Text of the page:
You don't need to know the origins of the automated guaranteed market to appreciate its benefits. Automated guaranteed solutions provide buyers and publishers of all shapes and sizes a powerful new tool to automate their direct sales processes—a tool that can quickly make the antiquated manual process of planning and buying a thing of the past.
One of the most interesting facts about the automated guaranteed market is that it didn't simply emerge as a solution to improve the direct sales process. Rather, it emerged from a long chain of innovations that, over the last few decades, has entirely reshaped advertising as we know it.
Back to the Beginning
The real origins of automated guaranteed, like the origins of all display advertising, can be traced to the early 1990s. In 1993, Global Network Navigator sold what is believed to be the first clickable Web ad to a California law firm, and soon the technology went mainstream. Back then, people liked online display ads because they were similar to a print publication ad but with the added benefit of leading customers directly to the company selling the product.
More and more publishers and buyers flocked to online advertising in the late 1990s. The Internet, a revolutionary new technology, had led to a revolutionary new form of advertising. However, even though the market moved to "digital media buying," the actual way these ads were bought and sold was not digital. The process remained more or less identical to the way ads had always been bought and sold in traditional advertising.
Ad Exchanges Now on the Radar
The emergence of advertising networks was the next critical development on the path to automated guaranteed. Advertising networks made it possible to pool inventory from many different sites, giving publishers a way to profit from inventory they weren't able to sell directly. While this meant that online advertising was no longer a one-to-one exchange between buyers and sellers, it was also the beginning of a movement toward the new world of automation.
The Programmatic Era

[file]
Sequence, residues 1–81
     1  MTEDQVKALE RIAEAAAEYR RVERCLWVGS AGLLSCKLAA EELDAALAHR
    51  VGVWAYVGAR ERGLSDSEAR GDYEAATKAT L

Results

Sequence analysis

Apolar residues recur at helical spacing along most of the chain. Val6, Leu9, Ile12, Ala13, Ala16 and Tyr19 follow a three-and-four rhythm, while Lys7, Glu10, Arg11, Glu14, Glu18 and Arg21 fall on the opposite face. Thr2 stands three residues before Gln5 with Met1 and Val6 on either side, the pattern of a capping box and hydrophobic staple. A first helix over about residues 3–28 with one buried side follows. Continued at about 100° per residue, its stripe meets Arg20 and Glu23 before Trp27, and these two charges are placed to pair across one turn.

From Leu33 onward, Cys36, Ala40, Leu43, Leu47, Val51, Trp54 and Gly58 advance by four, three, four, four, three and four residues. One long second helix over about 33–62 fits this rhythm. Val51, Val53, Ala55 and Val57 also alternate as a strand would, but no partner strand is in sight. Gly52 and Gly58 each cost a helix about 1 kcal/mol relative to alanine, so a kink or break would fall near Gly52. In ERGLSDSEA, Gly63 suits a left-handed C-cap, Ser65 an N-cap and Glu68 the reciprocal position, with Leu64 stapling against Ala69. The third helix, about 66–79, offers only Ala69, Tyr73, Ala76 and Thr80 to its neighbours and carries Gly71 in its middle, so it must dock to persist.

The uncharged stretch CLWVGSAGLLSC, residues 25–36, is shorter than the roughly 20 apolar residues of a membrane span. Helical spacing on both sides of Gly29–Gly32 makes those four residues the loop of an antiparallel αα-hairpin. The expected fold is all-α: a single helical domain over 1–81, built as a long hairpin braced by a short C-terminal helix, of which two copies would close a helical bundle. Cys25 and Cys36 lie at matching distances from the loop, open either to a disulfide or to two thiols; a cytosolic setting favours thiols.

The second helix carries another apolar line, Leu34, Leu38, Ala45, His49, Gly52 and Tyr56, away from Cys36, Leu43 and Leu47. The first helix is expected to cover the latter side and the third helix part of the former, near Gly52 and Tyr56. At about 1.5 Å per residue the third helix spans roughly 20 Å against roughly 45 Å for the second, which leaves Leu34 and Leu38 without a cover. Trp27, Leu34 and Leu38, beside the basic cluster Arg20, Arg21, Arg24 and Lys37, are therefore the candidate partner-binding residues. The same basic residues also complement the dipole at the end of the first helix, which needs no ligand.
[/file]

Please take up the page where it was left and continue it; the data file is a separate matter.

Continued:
The emergence of ad exchanges brought us into the programmatic era as we know it today. With ad exchanges, the pool of inventory grew much larger. More importantly, it became possible to bid for impressions in real time. Real-time bidding, or RTB, fundamentally changed the equation of the marketplace because advertisers could use behavioral data to target individuals instead of reserving inventory on a given site.
Programmatic has made online advertising more efficient and has been a great success for publishers and advertisers alike. However, even as programmatic advertising continues to grow at a remarkable pace, the industry has come to appreciate something that perhaps isn't all that surprising: Advertising is not a one-size-fits-all proposition, and open exchanges are not for everyone. Some premium publishers prefer private exchanges. Others have decided not to make the leap to RTB, either because they aren't yet familiar with the technology or because they equate RTB to only lower funnel tactics, which hasn't been the case for years given the advent of private marketplaces.
Automated Guaranteed, Not RTB
While publishers and advertisers may not want to play in the open market exchange buying world RTB can offer, they still want to take advantage of some of the benefits of automation. After all, they are still facing the same problem that has been there from the beginning: Buying and selling inventory one campaign at a time is time-consuming.
And here we come back to automated guaranteed, the technology that brings so much of the efficiency of programmatic to the world of direct sales. Since an automated guaranteed platform offers the ability to purchase forward-reserved inventory, publishers can guarantee placement for next month, next year or any time in the future—something not possible in the RTB world to date.
While the markets continue to grow around automated guaranteed, the direct buying and selling of online ads has finally caught up to the ad tech revolution.
About the Author
Adam Chandler is an experienced executive, scaling the revenue opportunity and operations of tech companies. He has consistently bridged the gap between new technology and the world's largest advertisers. In the process, he has led sales, marketing, communications and ad operations.
Most recently, Mr. Chandler launched the MMX mobile global exchange, a new programmatic revenue stream that attracted more than 300 advertisers in its first nine months and paved the way for Millennial Media's acquisition of Nexage. As senior VP-sales at Jumptap, he expanded the demand for mobile advertising prior to Millennial Media's acquisition of the company. As CRO of Martini Media, he turned a conventional rep firm into a multimedia platform for brand, performance and programmatic advertising. At Yahoo, he took three businesses—multicultural advertising, technology & wireless brand partnerships and off-network advertising—from niche to more than $100 million.
About the Sponsor
Founded in 2007, Rubicon Project's mission is to keep the Internet free and open and fuel its growth by making it easy and safe to buy and sell advertising. Rubicon Project pioneered advertising automation technology to enable the world's leading brands, content creators and application developers to trade and protect trillions of advertising requests each month and to improve the advertising experiences of consumers. Rubicon Project is a publicly traded company headquartered in Los Angeles.